Education and grace are the foundations on which I built my freedom.
For four years my worth had been tied up into how clean I could keep a house and how skillfully I could keep the peace.
My abuser once told me that if I could just organize the dishes better, he wouldn't get so angry.
Once his parents, after seeing a trail of bruises on my ribcage, told me that they had found moldy Tupperware in the refrigerator. Any man would find that intolerable.
Somehow - two years into the fray - I convinced my abuser that I should go back to school and finish my degree. I can't remember what it took to convince him, but ultimately he allowed me to attend Azusa Pacific University, a Christian school in Southern California. The moment I was accepted, I stacked my days and nights with classes so I could finish as quickly as possible.
A lot happened in those two years. When the doctor told me that I should quit school, I added more to my schedule instead of giving up. By my last semester I was taking 19 credits on top of working part time for the school's English department, interning at a production company in Hollywood, and going for weekly appointments at USC Cancer Center. All the while the hits got harder. The damage was greater. And the harder the beatings got, the harder I worked with no idea what the outcome would be.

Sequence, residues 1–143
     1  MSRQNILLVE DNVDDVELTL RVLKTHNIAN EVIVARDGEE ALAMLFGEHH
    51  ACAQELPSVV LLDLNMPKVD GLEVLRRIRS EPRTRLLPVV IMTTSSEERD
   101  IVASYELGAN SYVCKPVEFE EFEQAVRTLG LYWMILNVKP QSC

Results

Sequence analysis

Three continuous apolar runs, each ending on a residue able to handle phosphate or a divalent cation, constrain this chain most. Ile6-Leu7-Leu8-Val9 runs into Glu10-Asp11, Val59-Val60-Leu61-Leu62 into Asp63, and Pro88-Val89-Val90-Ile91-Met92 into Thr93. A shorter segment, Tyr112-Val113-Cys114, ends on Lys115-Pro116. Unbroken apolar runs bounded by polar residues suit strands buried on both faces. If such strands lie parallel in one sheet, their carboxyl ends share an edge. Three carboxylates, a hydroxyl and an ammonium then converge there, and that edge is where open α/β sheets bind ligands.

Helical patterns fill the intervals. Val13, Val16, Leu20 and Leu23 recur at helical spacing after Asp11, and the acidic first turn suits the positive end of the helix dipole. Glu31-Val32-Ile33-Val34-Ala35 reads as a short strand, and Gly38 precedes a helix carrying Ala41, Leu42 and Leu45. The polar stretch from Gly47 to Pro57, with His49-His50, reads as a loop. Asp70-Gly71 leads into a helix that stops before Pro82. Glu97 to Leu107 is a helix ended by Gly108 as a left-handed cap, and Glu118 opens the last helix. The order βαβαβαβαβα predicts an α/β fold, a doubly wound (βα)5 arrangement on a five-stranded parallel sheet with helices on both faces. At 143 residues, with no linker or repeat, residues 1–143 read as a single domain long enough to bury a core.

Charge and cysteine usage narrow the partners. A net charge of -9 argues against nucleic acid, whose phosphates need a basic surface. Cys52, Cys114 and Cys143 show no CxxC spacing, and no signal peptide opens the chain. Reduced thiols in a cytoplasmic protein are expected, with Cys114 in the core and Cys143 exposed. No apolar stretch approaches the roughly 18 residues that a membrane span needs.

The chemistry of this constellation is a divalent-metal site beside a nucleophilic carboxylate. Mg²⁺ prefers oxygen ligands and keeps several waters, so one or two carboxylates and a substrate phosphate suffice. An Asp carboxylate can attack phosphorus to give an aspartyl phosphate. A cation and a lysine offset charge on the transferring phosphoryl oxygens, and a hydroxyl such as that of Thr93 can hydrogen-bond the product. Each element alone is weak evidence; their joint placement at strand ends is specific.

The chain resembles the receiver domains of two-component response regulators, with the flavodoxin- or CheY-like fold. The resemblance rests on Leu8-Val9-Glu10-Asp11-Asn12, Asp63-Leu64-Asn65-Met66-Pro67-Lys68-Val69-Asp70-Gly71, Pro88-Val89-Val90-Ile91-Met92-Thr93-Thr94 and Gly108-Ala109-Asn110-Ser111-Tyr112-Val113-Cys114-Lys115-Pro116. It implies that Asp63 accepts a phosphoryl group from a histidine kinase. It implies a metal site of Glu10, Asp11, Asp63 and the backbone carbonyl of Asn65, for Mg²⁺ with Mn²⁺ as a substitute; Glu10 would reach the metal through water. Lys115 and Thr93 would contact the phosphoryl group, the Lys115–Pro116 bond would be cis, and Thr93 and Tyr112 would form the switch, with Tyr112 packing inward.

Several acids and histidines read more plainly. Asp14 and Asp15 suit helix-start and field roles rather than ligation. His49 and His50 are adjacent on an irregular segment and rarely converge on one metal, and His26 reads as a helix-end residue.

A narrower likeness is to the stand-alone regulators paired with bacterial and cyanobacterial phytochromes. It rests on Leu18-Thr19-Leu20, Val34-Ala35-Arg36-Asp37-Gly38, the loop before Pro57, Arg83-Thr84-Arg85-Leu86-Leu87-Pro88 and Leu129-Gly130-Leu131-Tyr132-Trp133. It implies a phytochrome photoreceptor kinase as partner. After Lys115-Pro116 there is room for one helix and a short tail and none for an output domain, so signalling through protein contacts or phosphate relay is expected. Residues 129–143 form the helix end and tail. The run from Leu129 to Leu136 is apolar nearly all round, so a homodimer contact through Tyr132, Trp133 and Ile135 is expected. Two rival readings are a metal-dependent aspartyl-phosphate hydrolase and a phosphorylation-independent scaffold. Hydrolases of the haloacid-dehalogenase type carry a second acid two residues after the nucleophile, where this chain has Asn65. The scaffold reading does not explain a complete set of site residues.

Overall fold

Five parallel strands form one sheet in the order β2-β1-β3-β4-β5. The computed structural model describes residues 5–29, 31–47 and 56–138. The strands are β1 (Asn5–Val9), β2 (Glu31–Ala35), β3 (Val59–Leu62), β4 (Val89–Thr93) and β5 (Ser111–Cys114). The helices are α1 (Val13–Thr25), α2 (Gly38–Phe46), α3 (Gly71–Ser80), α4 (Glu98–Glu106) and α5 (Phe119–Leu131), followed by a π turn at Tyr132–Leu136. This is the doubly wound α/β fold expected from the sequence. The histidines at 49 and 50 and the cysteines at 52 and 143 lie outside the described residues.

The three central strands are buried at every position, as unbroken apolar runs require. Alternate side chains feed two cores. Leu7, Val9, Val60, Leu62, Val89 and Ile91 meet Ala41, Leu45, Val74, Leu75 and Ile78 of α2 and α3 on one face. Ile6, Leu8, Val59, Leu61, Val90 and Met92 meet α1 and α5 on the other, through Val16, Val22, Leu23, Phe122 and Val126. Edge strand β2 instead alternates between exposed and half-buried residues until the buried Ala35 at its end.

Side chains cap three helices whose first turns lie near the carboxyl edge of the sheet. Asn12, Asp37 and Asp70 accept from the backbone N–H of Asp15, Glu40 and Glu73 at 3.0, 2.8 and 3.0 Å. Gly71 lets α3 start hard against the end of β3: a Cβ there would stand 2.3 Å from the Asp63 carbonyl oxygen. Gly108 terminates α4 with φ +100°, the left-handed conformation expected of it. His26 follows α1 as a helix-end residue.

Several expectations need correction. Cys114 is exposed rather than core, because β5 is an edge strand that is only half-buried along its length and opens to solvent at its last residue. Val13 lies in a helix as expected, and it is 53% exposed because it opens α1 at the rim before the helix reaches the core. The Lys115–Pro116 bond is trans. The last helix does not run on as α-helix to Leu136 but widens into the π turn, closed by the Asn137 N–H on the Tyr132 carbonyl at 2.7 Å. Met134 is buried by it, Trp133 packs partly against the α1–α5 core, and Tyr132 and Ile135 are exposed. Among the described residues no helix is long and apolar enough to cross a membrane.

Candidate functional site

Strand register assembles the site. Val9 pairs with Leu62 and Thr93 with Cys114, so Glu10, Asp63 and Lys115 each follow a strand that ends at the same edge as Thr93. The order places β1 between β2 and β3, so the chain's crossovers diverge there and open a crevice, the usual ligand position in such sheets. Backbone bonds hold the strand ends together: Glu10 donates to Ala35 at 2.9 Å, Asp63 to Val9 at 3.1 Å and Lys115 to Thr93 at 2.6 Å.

The last week of school, my Advanced Screenwriting professor asked if we had any prayer requests.
"I really need a job," I blurted out. That may have been the first time I had ever asked for someone to pray for me.
The professor paused for just the briefest of moments and said: "Just talk to me after class."
She told me I could immediately start working as her assistant at her nonprofit, and the moment I walked through those doors, she didn't hesitate in piling on the responsibilities. She had me running the books, learning grant writing, painting lines in the parking lot, preparing for board meetings, sifting through scripts, and of course making coffee.
But the inception of my freedom was the moment she entrusted me with the keys to the office. That moment she instilled in me a sense that my head could be used for something other than a punching bag. And she unknowingly gave me a place to run to at night, where I could have a safe space to sleep under my desk.
This is why having the In-n-Out Burger rubbed into my hair was just a step too far. Because I finally knew that degradation was false. Even if I couldn't see it for myself, someone I respected saw value and worth in me, and I trusted her enough to take her word for it.
One in four women have been affected by severe intimate partner violence.
One. In. Four.
These are the women you're engaging with every day. The women at your gym, the women in your office, the women in your schools and at your church. By showing every woman you encounter trust and honor and respect, you simply have no idea just what impact your making on her life.
I will never forget the people at Azusa Pacific, friends, professors and the financial aid department, who consistently believed in my intrinsic value and potential. It's because of them that I was finally able to break my own chains.
Of course, that's just the beginning of the story...